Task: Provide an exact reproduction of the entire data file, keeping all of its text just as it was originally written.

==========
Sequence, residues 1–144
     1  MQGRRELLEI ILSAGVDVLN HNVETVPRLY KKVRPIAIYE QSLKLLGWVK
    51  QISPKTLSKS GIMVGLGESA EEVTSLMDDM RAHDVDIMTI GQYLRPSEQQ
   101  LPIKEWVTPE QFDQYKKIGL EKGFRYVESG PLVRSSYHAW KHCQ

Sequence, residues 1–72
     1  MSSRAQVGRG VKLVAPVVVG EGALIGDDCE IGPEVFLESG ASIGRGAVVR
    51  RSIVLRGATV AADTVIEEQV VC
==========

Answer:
Sequence, residues 1–144
     1  MQGRRELLEI ILSAGVDVLN HNVETVPRLY KKVRPIAIYE QSLKLLGWVK
    51  QISPKTLSKS GIMVGLGESA EEVTSLMDDM RAHDVDIMTI GQYLRPSEQQ
   101  LPIKEWVTPE QFDQYKKIGL EKGFRYVESG PLVRSSYHAW KHCQ

Sequence, residues 1–72
     1  MSSRAQVGRG VKLVAPVVVG EGALIGDDCE IGPEVFLESG ASIGRGAVVR
    51  RSIVLRGATV AADTVIEEQV VC